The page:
6:00-7:00 PM – Reception

RSVP

About Our Fellows

Aichurek Kurmanbekova. As a visiting fellow at the GWU, Aichurek explores girls’ education in madrasahs in Kyrgyzstan. Her research interests include human rights, education, gender equality, elections, and religious extremism and terrorism in Central Asia. She previously worked for the local human rights group, the Coalition for Democracy and Civil Society, as an election observation coordinator, and was a national UNV at the UNDP/UN Peacebuilding Fund, where she served as a specialist on gender-responsive civil society and community engagement in peacebuilding. In addition, Aichurek did a consultancy for UNDP elections and e-governance projects and worked for the Embassy of Kyrgyzstan in Turkmenistan. She is a graduate of the Kyrgyz-Russian Slavic University with a BA in Political Science (2008); and Bishkek’s OSCE Academy with an MA in Politics and Security (2014).
Nafissa Insebayeva’s research at GWU explores the language divides and barriers between Kazakh and Russian speaking youth activists and political participation. She is PhD Candidate at the University of Tsukuba, Japan, where she specializes in Kazakhstan’s domestic politics, development cooperation and international development strategies. She previously took part in development-related conferences, workshops and trainings at the University of Oxford, Harvard University, Columbia University and National University of Singapore. She is a recipient of the Japanese Government (MEXT) Scholarship, and holds a BA in Economics from Nazarbayev University (Kazakhstan), and an MA in International Area Studies from the University of Tsukuba.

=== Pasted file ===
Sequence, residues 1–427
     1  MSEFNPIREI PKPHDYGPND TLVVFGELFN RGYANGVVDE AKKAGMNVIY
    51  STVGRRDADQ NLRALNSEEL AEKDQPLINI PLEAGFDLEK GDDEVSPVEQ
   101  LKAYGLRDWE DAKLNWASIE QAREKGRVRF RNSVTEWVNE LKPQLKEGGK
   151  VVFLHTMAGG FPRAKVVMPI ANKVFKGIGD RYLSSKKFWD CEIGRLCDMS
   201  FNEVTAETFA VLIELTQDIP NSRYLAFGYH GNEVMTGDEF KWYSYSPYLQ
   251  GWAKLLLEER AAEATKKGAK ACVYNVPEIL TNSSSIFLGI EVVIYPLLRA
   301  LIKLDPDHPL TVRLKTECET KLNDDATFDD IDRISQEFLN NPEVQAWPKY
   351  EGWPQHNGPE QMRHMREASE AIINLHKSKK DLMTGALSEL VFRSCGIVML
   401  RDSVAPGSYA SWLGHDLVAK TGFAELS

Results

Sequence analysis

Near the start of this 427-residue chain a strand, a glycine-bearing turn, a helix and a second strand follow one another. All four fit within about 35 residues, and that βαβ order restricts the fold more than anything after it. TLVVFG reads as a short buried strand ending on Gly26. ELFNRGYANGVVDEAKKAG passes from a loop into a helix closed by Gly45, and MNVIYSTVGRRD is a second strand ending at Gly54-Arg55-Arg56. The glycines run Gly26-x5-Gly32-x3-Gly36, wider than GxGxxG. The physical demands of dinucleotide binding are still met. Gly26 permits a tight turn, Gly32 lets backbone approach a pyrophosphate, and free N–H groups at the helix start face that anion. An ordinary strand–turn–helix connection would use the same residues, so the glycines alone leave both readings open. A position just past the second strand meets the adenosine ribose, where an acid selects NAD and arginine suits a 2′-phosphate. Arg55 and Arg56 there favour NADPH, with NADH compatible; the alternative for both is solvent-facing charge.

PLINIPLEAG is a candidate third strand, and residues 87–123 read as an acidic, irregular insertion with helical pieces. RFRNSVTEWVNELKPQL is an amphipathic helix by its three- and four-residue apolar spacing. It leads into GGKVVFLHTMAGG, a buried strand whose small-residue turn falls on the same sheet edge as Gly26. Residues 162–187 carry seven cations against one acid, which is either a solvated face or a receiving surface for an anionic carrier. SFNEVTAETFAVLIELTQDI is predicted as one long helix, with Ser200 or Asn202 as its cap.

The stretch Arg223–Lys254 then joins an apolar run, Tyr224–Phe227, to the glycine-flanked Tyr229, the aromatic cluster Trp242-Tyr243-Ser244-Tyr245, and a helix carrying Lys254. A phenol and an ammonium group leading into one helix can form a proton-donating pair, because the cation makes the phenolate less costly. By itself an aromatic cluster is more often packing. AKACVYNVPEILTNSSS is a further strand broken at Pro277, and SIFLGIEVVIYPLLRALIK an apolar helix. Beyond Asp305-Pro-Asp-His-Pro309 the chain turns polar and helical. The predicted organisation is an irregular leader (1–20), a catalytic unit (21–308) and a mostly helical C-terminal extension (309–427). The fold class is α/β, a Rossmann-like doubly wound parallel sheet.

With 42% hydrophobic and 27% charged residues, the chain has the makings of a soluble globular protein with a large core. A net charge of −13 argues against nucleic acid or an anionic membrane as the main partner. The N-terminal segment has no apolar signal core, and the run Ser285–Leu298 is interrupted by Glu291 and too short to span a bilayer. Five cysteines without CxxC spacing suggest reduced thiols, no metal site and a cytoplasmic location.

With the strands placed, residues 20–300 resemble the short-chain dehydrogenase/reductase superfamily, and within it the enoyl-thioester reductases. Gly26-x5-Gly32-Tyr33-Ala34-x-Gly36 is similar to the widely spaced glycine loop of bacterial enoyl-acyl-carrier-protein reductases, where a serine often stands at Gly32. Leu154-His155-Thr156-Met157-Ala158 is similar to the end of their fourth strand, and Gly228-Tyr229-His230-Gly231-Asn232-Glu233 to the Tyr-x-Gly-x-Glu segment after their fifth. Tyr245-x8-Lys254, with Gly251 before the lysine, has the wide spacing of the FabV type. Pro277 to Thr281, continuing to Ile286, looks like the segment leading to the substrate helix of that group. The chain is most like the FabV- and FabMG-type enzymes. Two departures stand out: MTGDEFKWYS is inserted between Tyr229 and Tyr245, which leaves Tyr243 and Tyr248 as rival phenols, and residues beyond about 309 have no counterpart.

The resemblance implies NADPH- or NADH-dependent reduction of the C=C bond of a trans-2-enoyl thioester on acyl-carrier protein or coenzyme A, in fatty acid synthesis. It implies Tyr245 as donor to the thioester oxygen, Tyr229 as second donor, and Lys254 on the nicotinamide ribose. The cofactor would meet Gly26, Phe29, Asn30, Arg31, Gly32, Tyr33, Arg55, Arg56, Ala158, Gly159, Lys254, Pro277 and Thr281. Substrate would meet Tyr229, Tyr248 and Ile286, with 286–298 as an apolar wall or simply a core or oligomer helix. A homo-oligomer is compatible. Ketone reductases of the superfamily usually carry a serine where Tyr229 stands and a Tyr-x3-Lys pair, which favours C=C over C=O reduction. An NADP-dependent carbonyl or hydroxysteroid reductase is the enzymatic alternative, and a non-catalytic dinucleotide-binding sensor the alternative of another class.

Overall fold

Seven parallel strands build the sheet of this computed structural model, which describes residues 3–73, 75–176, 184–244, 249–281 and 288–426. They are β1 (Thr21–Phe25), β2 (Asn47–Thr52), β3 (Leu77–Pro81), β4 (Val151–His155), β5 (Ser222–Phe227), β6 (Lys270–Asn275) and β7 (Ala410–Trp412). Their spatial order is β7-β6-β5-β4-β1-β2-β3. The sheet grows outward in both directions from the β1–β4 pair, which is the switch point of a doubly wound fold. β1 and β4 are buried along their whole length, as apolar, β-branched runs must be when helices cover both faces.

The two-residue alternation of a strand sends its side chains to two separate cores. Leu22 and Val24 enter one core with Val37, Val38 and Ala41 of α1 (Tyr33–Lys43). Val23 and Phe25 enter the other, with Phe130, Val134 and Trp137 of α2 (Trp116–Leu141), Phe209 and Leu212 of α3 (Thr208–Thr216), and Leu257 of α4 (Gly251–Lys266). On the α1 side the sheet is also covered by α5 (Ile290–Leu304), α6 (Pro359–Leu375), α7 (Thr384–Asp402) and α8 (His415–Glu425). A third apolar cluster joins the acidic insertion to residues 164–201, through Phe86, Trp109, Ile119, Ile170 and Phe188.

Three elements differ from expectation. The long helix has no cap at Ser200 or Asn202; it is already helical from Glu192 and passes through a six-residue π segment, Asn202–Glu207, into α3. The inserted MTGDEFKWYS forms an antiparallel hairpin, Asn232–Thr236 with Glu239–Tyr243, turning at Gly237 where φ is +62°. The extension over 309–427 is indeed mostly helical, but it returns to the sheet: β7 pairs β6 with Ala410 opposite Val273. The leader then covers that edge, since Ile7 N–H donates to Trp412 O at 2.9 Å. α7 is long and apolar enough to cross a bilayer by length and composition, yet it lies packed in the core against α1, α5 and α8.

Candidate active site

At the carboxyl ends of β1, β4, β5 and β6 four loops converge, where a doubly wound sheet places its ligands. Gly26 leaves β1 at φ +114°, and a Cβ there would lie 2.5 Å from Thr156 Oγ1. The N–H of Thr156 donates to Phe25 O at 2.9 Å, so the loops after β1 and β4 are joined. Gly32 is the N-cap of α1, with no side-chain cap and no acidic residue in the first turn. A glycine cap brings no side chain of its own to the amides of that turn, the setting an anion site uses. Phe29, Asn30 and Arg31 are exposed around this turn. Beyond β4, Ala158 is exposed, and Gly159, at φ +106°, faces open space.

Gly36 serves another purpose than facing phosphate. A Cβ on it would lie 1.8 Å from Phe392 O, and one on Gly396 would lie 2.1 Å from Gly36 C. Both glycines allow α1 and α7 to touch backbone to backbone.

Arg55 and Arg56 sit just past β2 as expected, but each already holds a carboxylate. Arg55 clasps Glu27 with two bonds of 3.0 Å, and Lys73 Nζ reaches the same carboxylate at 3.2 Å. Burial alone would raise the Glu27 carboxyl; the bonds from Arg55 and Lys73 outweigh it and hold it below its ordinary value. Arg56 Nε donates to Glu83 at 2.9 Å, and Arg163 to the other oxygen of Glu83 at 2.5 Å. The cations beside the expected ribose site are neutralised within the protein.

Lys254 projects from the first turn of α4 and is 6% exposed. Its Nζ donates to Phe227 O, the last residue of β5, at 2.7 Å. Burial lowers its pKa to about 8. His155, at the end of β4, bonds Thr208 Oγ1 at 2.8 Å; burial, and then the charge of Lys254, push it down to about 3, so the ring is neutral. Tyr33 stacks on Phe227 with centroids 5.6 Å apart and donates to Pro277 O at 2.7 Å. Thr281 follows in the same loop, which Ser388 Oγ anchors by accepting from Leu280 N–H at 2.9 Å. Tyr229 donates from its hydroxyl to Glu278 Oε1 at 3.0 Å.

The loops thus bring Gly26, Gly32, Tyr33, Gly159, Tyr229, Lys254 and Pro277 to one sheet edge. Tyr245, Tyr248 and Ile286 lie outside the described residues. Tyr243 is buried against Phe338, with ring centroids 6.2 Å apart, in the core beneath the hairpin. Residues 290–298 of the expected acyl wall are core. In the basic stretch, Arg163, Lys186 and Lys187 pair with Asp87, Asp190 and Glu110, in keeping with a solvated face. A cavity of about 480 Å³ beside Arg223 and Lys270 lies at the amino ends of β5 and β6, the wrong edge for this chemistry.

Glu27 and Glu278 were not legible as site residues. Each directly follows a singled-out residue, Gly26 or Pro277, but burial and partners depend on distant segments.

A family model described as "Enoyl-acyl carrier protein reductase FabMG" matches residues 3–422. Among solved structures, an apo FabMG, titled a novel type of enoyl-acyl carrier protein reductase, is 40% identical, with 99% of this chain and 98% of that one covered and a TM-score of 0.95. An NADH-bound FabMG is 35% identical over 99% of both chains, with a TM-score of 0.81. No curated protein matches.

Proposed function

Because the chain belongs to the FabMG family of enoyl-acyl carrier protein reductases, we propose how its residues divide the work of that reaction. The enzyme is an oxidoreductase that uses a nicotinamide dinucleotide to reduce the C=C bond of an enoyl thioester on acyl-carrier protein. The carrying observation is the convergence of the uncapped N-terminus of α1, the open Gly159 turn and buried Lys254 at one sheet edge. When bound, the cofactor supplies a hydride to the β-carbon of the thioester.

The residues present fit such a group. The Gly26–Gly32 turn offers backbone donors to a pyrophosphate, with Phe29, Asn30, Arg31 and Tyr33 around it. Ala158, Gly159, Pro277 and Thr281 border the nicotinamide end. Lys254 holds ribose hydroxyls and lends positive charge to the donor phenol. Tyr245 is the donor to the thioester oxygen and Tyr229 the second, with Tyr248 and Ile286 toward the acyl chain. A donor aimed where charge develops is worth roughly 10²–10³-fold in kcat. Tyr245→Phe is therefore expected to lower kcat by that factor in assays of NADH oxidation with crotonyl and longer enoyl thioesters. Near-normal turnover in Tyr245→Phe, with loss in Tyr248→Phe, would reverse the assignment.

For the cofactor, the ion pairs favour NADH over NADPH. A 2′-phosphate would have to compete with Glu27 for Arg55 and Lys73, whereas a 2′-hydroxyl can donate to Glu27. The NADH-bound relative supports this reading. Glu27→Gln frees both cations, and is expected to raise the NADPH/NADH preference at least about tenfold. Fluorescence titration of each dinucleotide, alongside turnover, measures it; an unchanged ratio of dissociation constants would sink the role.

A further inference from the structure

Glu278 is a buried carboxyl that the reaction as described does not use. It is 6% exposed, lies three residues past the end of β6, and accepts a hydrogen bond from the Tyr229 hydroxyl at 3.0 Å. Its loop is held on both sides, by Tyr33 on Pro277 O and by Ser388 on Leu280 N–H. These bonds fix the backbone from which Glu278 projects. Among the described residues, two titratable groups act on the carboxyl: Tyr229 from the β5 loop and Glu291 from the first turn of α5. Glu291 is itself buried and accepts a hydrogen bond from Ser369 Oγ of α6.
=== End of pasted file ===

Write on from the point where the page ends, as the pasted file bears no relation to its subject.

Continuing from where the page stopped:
Ilhom Aliyev’s research at GWU focuses on Tajikistan’s digital young generation, and how their contributions to start-ups and entrepreneurship lead to empowerment, economic development, and social change. Ilhom is the Co-Director of Global Entrepreneurship Week Tajikistan, and is heavily engaged with Techstars startup development programs in Tajikistan. He served as the Executive Director of the American Chamber of Commerce in Tajikistan (AmCham Tajikistan) from 2015 to 2019, and has significantly contributed to US-Tajikistan business relations through the attraction of foreign investment and development of entrepreneurship. He previously held positions in the private sector and in non-governmental organizations. In 2018 Ilhom received a John Smith Fellowship Award for emerging leaders who promote good governance, social justice and rule of law. 

Lola Ulugova (Lolisanam) researches the intersection between cultural arts and youth activism in Tajikistan while at GWU. Lolisanam has been an activist in Tajikistan since 2000. Her last working assignment as an Arts and Social Activism Program Coordinator at Open Society Institute Assistance Foundation (OSIAF) in Tajikistan, 2014-2019, was a recognition of her skills and passion towards development of Tajik youth, arts and activism at a professional level. She was the founding director of Tajik Bio-Cultural Initiatives, a non-governmental organization dedicated to Tajik arts and environmental issues. In 2013, she wrote and produced the nation’s first 3-D animation film, a short designed to promote awareness of environmental issues among children. She previously produced several cultural DVDs archiving Tajik dance and biocultural diversity and was a Field Production Manager on the documentary Buzkashi! by Najeeb Mirza (Canada), and co-produced After the Curtain along with Emelie Mahdavian (USA).